Letters, be the memory of this moment,
Ruth’s 3-legged Golden Lab
sniffing for news beneath the hedge,
grass glittering with rain,
the bird feeder mangled by our car.

Years from now I want to remember
how we walked the splendid earth
and saw it.  When children read this
and smile at its old fashioned vision,
then words, stubborn little boxcars

lugging meaning across the rickety
wooden bridge to the future, hold,
hold.  Couple against time, bear
the red geranium, the slender birch—
you, sentences–glitter against

the massive dark of nothing.  Tell
of feet that buffed this doorsill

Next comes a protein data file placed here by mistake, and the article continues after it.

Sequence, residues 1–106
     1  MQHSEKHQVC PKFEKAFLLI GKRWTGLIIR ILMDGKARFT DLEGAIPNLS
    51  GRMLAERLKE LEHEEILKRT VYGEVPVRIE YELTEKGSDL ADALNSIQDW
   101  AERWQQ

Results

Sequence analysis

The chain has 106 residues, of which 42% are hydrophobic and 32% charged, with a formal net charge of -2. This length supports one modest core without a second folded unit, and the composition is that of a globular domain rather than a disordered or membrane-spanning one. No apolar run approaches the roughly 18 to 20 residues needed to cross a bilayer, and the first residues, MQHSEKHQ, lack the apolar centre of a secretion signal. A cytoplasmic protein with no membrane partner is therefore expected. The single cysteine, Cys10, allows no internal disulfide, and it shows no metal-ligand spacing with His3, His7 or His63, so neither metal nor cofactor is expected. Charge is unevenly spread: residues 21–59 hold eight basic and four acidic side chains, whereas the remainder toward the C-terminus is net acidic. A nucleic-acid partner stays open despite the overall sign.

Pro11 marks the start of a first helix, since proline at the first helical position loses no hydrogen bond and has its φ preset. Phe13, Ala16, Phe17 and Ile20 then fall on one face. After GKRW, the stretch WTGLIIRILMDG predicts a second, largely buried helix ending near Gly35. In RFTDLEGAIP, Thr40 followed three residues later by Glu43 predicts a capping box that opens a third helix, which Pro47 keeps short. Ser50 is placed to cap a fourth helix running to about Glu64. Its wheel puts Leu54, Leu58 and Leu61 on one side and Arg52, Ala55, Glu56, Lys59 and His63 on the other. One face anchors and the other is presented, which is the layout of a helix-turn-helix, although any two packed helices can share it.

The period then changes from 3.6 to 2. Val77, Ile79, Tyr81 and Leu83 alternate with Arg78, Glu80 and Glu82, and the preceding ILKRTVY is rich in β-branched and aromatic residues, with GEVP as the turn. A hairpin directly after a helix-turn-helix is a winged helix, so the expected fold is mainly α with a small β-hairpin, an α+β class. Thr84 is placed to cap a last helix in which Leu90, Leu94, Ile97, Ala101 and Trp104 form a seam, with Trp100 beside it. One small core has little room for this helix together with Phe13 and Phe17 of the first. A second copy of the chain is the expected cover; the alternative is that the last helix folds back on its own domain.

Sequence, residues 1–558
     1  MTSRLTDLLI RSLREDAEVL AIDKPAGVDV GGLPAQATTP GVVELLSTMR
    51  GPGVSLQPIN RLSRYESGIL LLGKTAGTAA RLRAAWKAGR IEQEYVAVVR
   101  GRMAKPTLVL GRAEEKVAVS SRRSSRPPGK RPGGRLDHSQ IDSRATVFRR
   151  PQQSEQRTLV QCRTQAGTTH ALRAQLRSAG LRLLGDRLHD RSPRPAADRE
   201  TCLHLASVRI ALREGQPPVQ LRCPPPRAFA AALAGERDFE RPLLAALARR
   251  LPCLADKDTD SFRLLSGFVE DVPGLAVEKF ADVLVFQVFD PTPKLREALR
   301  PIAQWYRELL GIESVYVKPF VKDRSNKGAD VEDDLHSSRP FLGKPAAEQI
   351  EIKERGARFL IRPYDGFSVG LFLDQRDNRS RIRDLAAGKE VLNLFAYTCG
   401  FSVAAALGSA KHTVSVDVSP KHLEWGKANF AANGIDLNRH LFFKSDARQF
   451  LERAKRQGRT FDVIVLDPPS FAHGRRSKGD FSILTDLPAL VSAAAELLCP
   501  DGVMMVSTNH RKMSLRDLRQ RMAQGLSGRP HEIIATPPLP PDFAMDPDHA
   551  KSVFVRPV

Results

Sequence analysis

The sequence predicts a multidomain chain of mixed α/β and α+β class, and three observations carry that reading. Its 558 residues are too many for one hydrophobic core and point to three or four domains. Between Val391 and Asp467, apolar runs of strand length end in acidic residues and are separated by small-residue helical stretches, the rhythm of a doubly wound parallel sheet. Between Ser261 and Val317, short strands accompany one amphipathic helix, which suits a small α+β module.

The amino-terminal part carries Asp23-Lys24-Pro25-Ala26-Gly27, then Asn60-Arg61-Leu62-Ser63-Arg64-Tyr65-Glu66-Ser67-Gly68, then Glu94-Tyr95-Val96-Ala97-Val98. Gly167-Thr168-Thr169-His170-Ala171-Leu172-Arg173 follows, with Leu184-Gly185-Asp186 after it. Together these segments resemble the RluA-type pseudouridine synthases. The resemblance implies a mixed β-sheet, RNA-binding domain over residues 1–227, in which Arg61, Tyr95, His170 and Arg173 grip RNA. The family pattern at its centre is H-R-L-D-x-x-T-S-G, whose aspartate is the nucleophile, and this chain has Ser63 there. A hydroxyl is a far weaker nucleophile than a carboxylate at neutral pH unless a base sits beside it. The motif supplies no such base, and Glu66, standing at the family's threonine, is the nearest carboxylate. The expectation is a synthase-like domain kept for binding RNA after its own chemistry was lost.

till it gleams, of cartwheeling
children.  Remember the Rosetta
stone, the hum of Xerox machines,

remember monks copying, how
a prisoner in solitary picked up
a pebble to scribble stories
on the wall.  Letters, I tell you,
even if your paper yellows in the attic,

even if it’s torn and thrown into the sea,
each of you separate from your brothers,
swim through the ocean, row across
the sky, walk through the wasteland,
find a reader.  Stay together.  Hold.